Chapters on Jewish Literature
by Israel Abrahams
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Addresses of parents to their children occur in the Bible, the Apocrypha, and the Rabbinical literature. But the earliest extant Ethical Will written as an independent document is that of Eleazar, the son of Isaac of Worms (about 1050), who must not be confused with the author of the Rokeach. The eleventh and twelfth centuries supply few examples of the Ethical Will, but from the thirteenth century onwards there is a plentiful array of them. "Think not of evil," says Eleazar of Worms, "for evil thinking leads to evil doing.... Purify thy body, the dwelling-place of thy soul.... Give of all thy food a portion to God. Let God's portion be the best, and give it to the poor." The will of the translator Judah Ibn Tibbon (about 1190) contains at least one passage worthy of Ruskin: "Avoid bad society, make thy books thy companions, let thy book-cases and shelves be thy gardens and pleasure-grounds. Pluck the fruit that grows therein, gather the roses, the spices, and the myrrh. If thy soul be satiate and weary, change from garden to garden, from furrow to furrow, from sight to sight. Then will thy desire renew itself, and thy soul be satisfied with delight." The will of Nachmanides is an unaffected eulogy of humility. Asher, the son of Yechiel (fourteenth century), called his will "Ways of Life," and it includes 132 maxims, which are often printed in the prayer-book. "Do not obey the Law for reward, nor avoid sin from fear of punishment, but serve God from love. Sleep not over-much, but rise with the birds. Be not over-hasty to reply to offensive remarks; raise not thy hand against another, even if he curse thy father or mother in thy presence."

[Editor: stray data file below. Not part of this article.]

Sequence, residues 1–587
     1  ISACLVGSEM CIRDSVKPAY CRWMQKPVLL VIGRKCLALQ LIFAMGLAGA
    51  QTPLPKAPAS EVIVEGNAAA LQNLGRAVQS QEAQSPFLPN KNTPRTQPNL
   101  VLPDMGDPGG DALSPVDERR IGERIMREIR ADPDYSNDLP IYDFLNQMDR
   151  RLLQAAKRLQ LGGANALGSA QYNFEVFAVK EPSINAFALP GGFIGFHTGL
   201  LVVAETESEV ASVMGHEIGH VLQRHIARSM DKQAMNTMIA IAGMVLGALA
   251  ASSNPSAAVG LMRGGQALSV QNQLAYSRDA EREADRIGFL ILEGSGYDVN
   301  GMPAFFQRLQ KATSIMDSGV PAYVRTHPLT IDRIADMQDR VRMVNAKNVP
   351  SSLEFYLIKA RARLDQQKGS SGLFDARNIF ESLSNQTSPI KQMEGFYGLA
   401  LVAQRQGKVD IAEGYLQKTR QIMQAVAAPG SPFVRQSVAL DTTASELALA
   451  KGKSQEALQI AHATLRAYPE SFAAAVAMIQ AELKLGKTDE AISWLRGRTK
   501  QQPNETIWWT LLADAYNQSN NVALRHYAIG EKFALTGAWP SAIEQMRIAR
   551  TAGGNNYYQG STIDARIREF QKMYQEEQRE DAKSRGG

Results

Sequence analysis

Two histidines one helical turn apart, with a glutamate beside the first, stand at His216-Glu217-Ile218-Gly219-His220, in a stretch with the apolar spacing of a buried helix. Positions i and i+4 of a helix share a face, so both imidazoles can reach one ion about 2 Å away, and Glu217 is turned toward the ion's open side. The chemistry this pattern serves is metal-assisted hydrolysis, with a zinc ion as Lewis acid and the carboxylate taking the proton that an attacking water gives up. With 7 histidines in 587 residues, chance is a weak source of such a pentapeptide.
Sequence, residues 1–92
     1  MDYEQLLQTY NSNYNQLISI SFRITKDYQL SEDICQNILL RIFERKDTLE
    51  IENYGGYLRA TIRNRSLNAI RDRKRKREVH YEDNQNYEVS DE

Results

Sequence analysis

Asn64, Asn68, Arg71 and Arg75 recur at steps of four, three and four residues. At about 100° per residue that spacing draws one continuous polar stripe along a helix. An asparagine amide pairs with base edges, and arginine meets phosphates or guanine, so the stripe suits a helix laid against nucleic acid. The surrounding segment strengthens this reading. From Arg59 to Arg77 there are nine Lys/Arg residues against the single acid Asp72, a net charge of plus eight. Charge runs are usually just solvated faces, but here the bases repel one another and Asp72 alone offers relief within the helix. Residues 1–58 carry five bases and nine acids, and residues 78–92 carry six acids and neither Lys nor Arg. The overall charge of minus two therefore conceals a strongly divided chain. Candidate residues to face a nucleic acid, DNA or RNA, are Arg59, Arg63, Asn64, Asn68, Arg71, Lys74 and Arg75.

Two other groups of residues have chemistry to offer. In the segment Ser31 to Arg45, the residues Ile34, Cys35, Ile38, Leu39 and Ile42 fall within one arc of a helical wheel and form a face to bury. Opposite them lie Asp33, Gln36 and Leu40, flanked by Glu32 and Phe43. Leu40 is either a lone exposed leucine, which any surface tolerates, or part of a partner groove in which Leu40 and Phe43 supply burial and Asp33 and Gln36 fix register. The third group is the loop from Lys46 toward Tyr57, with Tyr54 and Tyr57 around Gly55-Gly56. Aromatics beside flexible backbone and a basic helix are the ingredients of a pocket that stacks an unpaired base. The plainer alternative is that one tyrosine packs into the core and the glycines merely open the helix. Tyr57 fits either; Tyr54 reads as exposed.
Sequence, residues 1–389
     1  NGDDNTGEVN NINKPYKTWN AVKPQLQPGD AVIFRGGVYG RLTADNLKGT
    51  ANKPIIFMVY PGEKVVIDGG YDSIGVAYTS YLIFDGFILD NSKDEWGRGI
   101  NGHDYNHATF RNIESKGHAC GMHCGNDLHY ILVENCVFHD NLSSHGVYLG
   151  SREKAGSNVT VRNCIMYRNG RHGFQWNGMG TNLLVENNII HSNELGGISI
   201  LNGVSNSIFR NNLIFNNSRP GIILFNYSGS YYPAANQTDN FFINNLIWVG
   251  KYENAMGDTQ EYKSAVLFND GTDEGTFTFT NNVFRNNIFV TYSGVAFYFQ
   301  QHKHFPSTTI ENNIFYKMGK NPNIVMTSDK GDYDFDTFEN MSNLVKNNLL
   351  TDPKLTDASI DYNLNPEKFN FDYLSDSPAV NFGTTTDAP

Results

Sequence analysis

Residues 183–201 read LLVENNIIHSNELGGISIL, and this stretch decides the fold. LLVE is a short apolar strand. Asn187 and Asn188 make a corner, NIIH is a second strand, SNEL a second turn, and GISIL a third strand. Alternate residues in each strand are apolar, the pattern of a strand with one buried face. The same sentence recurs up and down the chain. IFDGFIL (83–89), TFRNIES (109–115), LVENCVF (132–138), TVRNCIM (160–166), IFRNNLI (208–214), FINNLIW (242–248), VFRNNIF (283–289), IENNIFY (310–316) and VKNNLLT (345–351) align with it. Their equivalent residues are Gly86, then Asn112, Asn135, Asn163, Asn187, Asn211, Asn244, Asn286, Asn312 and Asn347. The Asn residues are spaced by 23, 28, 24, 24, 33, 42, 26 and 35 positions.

Some of these wills, like that of the son of the last mentioned, are written in rhymed prose; some are controversial. Joseph Ibn Caspi writes in 1322: "How can I know God, and that he is one, unless I know what knowing means, and what constitutes unity? Why should these things be left to non-Jewish philosophers? Why should Aristotle retain sole possession of the treasures that he stole from Solomon?" The belief that Aristotle had visited Jerusalem with Alexander the Great, and there obtained possession of Solomon's wisdom, was one of the most curious myths of the Middle Ages. The will of Eleazar the Levite of Mainz (1357) is a simple document, without literary merit, but containing a clear exposition of duty. "Judge every man charitably, and use your best efforts to find a kindly explanation of conduct, however suspicious.... Give in charity an exact tithe of your property. Never turn a poor man away empty-handed. Talk no more than is necessary, and thus avoid slander. Be not as dumb cattle that utter no word of gratitude, but thank God for his bounties at the time at which they occur, and in your prayers let the memory of these personal favors warm your hearts, and prompt you to special fervor during the utterance of the communal thanks for communal well-being. When words of thanks occur in the liturgy, pause and silently reflect on the goodness of God to you that day."